Remember even buying has fixed costs for which you get 0 :
-Costs of buying the property in the fist place
-Property tax
-Levies (If Applicable)
-Insurance
-Loan interest

Those are costs, that if you are renting for cheaper than the combined cost of those items and save the difference you will be better of than owning the property.
 

Flex

Contact for Flex Tape
VIP Supporter
Rating - 100%
106   0   0
Joined
May 14, 2015
Messages
5,931
Reaction score
2,907
Points
3,465
Location
Snor City
Remember even buying has fixed costs for which you get 0 :
-Costs of buying the property in the fist place
-Property tax
-Levies (If Applicable)
-Insurance
-Loan interest

Those are costs, that if you are renting for cheaper than the combined cost of those items and save the difference you will be better of than owning the property.
Yes indeed, but even with those "hidden" costs is it still not worth it to have the asset instead of basically paying for someone else to obtain their own asset?

I am in that position now looking at buying, got a nice amount together for the deposit and admin involved. Tired of renting, but as you say there are many more funds involved once buying. So I am weighing up everything before doing anything at this stage
 

JollyJamma

Official Forum Dunce
VIP Supporter
Rating - 100%
43   0   0
Joined
Aug 22, 2011
Messages
5,097
Reaction score
1,466
Points
3,255
Location
Calne, United Kingdom
Yes indeed, but even with those "hidden" costs is it still not worth it to have the asset instead of basically paying for someone else to obtain their own asset?

I am in that position now looking at buying, got a nice amount together for the deposit and admin involved. Tired of renting, but as you say there are many more funds involved once buying. So I am weighing up everything before doing anything at this stage
Once a house is paid off and you are retired, it makes a lot of sense since you can maintain the property yourself, with the odd call for an electrician and plumber.

As your primary residence, yes, it makes way more sense.

My cousin who is a property developer says that property is the worst type of investment.

I wouldn’t buy a property to rent out as an investment, even a big standard savings account from Capitec can probably match the returns you’d see on a good property but without the insane torment of upkeep.
 

Nickslayer

Well Known Member
Rating - 100%
16   0   0
Joined
Jul 24, 2014
Messages
281
Reaction score
168
Points
1,465
Age
30
Location
Witbank, Mpumalanga
But when it is your own property you have something to show for it at the end of the day.
Rental option, once contract is up you have 0 to show for all the money your payed each month
If I may give you some advise on good faith.

Cost of buying per month = Sales Price (includes agent com and transfer fees) + Interest for Mortgage + Rates + Maintenance - rent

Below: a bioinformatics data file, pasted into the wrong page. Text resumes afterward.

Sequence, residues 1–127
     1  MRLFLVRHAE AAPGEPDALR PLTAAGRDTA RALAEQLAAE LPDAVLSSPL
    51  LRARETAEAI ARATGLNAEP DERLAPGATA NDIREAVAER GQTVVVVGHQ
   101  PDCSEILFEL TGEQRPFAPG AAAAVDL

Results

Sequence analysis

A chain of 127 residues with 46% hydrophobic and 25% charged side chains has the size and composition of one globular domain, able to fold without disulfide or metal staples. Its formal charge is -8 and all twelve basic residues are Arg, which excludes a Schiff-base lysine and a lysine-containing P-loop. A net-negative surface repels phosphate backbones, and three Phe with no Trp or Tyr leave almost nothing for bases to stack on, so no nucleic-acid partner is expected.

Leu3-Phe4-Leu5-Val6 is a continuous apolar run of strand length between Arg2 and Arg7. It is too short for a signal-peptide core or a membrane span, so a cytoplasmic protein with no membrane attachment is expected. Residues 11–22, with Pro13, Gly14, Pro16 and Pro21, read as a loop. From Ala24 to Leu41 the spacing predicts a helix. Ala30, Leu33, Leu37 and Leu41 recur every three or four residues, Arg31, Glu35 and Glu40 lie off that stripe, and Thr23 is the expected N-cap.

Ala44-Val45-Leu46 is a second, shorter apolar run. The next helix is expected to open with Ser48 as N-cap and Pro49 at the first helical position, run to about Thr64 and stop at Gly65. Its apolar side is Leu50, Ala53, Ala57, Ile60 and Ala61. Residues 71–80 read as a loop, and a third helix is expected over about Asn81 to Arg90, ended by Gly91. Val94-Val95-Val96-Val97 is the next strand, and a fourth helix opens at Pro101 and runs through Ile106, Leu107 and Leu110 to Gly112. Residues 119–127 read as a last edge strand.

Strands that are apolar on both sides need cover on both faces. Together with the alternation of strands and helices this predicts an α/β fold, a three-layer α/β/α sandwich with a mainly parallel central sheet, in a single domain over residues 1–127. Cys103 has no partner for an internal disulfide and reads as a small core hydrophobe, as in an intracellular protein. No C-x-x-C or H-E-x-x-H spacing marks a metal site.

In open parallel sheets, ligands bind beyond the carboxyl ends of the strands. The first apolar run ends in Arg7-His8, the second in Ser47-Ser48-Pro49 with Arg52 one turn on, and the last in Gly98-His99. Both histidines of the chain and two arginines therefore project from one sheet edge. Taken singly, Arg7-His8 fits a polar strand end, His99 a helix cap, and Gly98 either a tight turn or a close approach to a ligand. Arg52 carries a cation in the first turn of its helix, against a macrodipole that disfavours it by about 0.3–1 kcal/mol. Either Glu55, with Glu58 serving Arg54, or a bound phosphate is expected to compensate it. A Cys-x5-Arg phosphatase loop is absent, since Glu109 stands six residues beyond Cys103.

Asset Value = Sales price + valuation growth - Agent Fees and Transfer fees
Cost of renting per month = Rental (always cheaper than buying)
Asset Value = Cumulative investment amount over 20 years of difference between Cost of buying and cost of renting.
If you look at the average difference per month and invested that amount in a fixed deposit account at 7% per year then the difference over 20 years is +- R 0.00. EDIT - This is also assuming property growth far higher than actual. I have done this calculation in much more detail a couple of times and it strangely comes out the same. I spoke to an economist about it once and he theorized that this is the equilibrium state that it naturally will drift towards. If it was cheaper to buy more people will do it which will cause rental to go down. If less people buy rental will go up so it will always balance out.

If you sold the house and bought another one just once the difference however is + R 50 000.00 less than the rental because of agent com and transfer fees. The problem is MOST people when renting instead of investing the difference they increase their lifestyle to accommodate and then Mr Flex in 20 years you indeed have nothing to show for it.


So then my advise is as follows. If you plan to buy a house and retire in that house one day or buy another house and then rent out this house when the mortgage is over. Then that is a wise investment since you can not have asset growth higher than in rentals this way. Added benefits are you can change the house in anyway you want with major upgrades available.

Negatives in rentals are indeed something to consider and include-
Rental increases dependent on an the current owner. (We have seen an owner increase with 12% once)
No real security in terms of housing. Owner can refuse to renew contract or sell house to owners who don't want to rent.
The owner can refuse to do maintenance leaving you with costs that was not in this calculation.
No securtiy for future investments.
 

Top Donors

$301.00
$200.00
$155.00
$113.00
Top